Consequences of Failure to File a ''Statement of Appeal''
In Evitts v. Lucey, 469 U.S. 387, 396-97, 105 S. Ct. 830, 836-37, 83 L. Ed. 2d 821, (1985), the defendant's counsel failed to file "a statement of appeal" in accordance with Kentucky Rule of Appellate Procedure 1.095(a)(1) when he filed his brief and record with the Court of Appeals of Kentucky.
Due to this failure, the Commonwealth filed a motion to dismiss the appeal for failure to file the requisite moved for reconsideration, arguing that all the necessary information was included within his brief and tendering a formal statement of appeal.
Reconsideration was summarily denied.
Defendant sought discretionary review before the Supreme Court of Kentucky, which affirmed the conviction.
Defendant then made one last attempt to obtain state appellate review when he moved the trial court to grant him the right to file an appeal nunc pro tunc.
This request was also denied.
The defendant then sought federal habeas corpus relief on the grounds that counsel's failure to file a timely statement of appeal resulted in dismissal of his direct appeal and, thus, deprived him of the right to effective assistance of counsel guaranteed by the Fourteenth Amendment.
On appeal, the Supreme Court of the United States noted that there was no dispute that counsel was ineffective in failing to file the statement of appeal. Evitts, 469 U.S. at 392, 105 S. Ct. at 833-34.
The Supreme Court further observed:
To prosecute the appeal, a criminal appellant must face an adversary proceeding that-like a trial-is governed by intricate rules that to a layperson would be hopelessly forbidding.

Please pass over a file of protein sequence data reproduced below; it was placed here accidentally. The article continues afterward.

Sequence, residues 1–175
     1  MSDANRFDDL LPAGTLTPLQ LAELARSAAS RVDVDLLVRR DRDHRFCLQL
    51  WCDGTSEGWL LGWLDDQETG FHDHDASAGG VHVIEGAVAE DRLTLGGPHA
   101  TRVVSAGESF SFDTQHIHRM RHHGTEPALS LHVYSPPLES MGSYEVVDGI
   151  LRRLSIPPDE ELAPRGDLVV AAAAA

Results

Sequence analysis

An unrepresented appellant--like an unrepresented defendant at trial--is unable to protect the vital interests at stake.
To be sure, respondent did have nominal representation when he brought this appeal.
But nominal representation on appeal as of right--like nominal representation at trial--does not suffice to render the proceedings constitutionally adequate; a party whose counsel is unable to provide effective representation is in no better position than one who has no counsel at all.
The Supreme Court then affirmed the Sixth Circuit's grant of the right to appeal, stating:
"A system of appeal as of right is established precisely to assure that only those who are validly convicted have their freedom curtailed.
A State may not extinguish this right because another right of the appellant--the right to effective assistance of counsel--has been violated." Evitts, 469 U.S. at 399-400, 105 S. Ct. at 838.